[53] What were those sharks of Shark Island? I think they were Great Hammerheads (Sphyrna mokarran) since that benthic species is known to attack people. But no one has ever mentioned their weird heads. I suppose that sharks with eyes on the ends of their flat heads are the norm in that part of the Xenaverse.

The Shark Nation Watches

Autolycus escapes to the Xena Palace

On the beach, shark-free.

[54] Patrolling their seas, the sharks witness the unfolding events of the Xenaverse, from Xena's first pirate adventures to her voyage to Ch'in. The sharks were present at Gabrielle's ill-fated trip to Britannia. On a later voyage, they observed her consign the ring of Crassus, the Roman Proconsul, to the sea.

[55] Hungry, the sharks race to decide who will be the first to eat an unfortunate sailor from the capsized ship in TSUNAMI (65/319). Always fortunate, Autocyclus has yet to be bumped and bitten by one of the sharks. Even after he was shipwrecked and while he was struggling to the shore, Autocyclus still failed to attract a shark in search of an easy meal. Still tempting The Fates, Autocyclus dove into shark-patrolled waters to find the stolen statue of Pax [VANISHING ACT (66/320)].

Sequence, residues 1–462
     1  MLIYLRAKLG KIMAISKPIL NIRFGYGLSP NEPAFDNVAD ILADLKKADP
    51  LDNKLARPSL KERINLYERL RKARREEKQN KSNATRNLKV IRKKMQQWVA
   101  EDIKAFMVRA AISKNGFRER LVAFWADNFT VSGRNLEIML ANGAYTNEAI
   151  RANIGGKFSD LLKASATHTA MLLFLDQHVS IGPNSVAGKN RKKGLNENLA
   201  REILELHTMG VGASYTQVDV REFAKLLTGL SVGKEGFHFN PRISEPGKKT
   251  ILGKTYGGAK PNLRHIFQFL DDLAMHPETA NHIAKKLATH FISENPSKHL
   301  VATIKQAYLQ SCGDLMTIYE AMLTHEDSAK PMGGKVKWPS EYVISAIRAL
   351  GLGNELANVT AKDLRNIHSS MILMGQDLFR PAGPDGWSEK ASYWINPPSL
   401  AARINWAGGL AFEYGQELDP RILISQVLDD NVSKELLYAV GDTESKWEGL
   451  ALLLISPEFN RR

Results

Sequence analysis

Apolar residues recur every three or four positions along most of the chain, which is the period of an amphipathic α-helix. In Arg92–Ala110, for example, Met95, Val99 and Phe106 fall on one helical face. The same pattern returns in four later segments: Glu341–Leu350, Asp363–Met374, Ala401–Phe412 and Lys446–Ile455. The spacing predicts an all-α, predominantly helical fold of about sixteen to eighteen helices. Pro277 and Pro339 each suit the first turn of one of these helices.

[56] According to Xenaverse lore, no one escapes from Shark Island prison alive. Sharks, the unseen menace, police the island and feast on the more unfortunate prisoners. Silent and deadly, the sharks lurk beneath the water's surface ready to kill an unwary human. No prisoner ever wanted to test the waters to discover where the sharks lay in wait.

[57] Unseen, the sharks follow the ships of Caesar as he conquers lands for Rome. While Caesar seeks to rule the known world, sharks already rule Mare Nostrum ("Our Sea": the Mediterranean). While he still forges his destiny, the sharks have fulfilled theirs as the Lords of the Seas.


[58] No Carpet Sharks (Ginglymostomatidae) were stepped on while researching this article; however, a Basking Shark (Cetorhinus maximus) was butted by an overzealous Flipper (Flipper, bottlenose dolphin, Tursiops truncatus), and the Author (Homo sapiens xenite) went cross-eyed cross-checking all of the taxonomic names.

Appendix: Shark Conservation